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School Mental Health

, Volume 11, Issue 4, pp 777–789 | Cite as

How Do Parent Psychopathology and Family Income Impact Treatment Gains in a School-Based Intervention for Trauma?

  • Anna Maria RosEmail author
  • Stephanie K. Brewer
  • Tali Raviv
  • Catherine DeCarlo Santiago
Original Paper

Abstract

The current study examined the impacts of parent psychopathology and family socioeconomic status on symptom reduction for children participating in Bounce Back, a school-based intervention for elementary students exposed to trauma. Participants in this study were 52 first through fourth graders (Mage= 7.76; 65% male) who were predominately Latinx (82%). Schools were randomly assigned to immediate treatment or waitlist control. Children whose parents reported higher socioeconomic status showed steeper declines in symptoms compared to lower socioeconomic status. Further, children of parents who endorsed high PTSD symptoms reported attenuated treatment effects, whereas children of parents who endorsed high hostility reported enhanced treatment effects. Although Bounce Back is an effective intervention for reducing PTSD symptoms and improving coping skills among children exposed to trauma and other ongoing stressors, treatment gains are attenuated for children from families with low socioeconomic status, and parent psychopathology also impacts treatment effects. The effectiveness of Bounce Back may vary based on socioeconomic status and parent psychopathology. Future research should examine methods of tailoring Bounce Back for children coping with economic stress and parent psychopathology.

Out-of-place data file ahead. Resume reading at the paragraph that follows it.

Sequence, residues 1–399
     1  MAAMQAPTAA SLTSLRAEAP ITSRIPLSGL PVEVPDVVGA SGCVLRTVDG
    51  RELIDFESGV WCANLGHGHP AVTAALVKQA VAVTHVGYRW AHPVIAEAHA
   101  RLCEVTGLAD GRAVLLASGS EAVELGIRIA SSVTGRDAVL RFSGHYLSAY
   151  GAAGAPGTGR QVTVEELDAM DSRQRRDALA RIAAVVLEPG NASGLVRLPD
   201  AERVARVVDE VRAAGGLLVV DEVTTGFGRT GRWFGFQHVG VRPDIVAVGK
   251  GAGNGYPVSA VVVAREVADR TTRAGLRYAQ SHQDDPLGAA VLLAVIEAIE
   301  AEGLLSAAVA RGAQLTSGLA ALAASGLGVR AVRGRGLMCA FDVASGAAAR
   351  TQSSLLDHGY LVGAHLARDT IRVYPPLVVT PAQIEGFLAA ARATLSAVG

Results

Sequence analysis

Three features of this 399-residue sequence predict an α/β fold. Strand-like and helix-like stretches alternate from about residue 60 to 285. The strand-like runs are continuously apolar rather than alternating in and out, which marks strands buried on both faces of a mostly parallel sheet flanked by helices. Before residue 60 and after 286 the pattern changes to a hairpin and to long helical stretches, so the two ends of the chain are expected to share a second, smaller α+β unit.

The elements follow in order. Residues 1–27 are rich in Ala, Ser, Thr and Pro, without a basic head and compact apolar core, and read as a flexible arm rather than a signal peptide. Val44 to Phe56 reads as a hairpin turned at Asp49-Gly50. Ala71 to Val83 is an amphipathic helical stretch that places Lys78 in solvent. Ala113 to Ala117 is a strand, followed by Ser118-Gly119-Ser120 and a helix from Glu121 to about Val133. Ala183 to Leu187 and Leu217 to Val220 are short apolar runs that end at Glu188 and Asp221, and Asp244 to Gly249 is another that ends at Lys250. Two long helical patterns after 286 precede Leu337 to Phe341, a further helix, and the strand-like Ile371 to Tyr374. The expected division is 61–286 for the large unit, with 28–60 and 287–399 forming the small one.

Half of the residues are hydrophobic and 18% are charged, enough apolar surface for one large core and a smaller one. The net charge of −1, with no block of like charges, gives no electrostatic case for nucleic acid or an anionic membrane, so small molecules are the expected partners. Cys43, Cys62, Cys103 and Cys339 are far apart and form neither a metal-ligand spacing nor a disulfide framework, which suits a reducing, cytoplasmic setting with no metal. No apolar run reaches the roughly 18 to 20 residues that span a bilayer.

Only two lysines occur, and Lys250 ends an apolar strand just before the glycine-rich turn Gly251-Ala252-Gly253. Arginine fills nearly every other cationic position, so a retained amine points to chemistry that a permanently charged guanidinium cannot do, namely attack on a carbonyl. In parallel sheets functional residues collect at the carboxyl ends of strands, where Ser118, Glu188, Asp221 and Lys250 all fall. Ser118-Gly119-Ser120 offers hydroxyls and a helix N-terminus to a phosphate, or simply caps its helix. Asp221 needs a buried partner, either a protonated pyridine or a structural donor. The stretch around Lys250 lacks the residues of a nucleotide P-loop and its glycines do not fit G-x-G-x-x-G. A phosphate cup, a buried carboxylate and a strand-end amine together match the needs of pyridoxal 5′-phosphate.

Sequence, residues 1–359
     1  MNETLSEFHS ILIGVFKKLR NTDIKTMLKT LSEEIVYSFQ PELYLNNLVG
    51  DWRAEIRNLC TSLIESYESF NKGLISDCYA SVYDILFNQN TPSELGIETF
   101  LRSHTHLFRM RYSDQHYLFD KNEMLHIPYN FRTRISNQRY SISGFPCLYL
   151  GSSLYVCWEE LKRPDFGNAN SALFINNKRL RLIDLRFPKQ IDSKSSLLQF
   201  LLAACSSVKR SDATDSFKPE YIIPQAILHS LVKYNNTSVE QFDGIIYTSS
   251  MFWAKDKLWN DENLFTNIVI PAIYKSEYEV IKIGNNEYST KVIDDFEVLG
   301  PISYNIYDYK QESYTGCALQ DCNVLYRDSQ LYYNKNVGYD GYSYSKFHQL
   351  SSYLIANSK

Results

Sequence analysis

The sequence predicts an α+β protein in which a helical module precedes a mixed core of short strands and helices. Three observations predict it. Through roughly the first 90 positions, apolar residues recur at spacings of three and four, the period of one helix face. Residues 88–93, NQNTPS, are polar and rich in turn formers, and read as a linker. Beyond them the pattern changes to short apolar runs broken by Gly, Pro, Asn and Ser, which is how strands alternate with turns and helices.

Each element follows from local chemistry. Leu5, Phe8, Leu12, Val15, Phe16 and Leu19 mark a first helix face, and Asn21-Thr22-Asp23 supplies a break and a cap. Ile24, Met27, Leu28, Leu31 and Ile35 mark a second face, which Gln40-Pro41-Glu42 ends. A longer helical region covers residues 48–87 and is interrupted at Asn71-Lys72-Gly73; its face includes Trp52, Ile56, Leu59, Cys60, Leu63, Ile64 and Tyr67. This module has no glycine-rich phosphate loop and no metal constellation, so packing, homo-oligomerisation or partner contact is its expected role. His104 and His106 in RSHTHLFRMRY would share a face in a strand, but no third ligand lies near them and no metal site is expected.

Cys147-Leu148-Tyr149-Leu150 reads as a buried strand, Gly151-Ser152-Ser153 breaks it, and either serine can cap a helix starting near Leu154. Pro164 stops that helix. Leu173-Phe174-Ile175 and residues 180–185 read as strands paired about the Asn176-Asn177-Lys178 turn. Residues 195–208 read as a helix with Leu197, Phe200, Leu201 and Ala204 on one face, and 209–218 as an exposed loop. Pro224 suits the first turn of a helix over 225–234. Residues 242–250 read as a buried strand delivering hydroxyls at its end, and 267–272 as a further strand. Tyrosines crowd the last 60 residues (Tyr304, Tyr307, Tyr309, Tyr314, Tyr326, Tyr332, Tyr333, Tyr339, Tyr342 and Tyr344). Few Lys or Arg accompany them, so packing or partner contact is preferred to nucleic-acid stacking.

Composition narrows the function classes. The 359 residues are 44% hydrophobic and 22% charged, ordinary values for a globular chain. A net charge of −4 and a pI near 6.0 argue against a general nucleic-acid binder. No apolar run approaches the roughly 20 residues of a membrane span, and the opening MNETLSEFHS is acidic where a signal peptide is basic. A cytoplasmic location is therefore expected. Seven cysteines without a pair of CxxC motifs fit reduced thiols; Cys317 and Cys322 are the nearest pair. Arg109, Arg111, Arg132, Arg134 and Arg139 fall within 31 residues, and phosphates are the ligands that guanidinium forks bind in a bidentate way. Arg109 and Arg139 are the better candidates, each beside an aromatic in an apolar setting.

Keywords

Trauma School-based trauma intervention Parent psychopathology Poverty Complex trauma Elementary school intervention PTSD Depression Parent PTSD Parent depression Parent hostility 

Notes

Acknowledgements

Funding was provided by American Psychological Foundation, Illinois Children’s Health Care Foundation, and Ann & Robert H. Lurie Children’s Hospital of Chicago Child Advocacy Board.

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Authors and Affiliations

  1. 1.Loyola University ChicagoChicagoUSA
  2. 2.Department of Psychiatry and Behavioral SciencesUniversity of Washington School of MedicineSeattleUSA
  3. 3.Ann & Robert H. Lurie Children’s Hospital Center for Childhood ResilienceNorthwestern University Feinberg School of MedicineChicagoUSA

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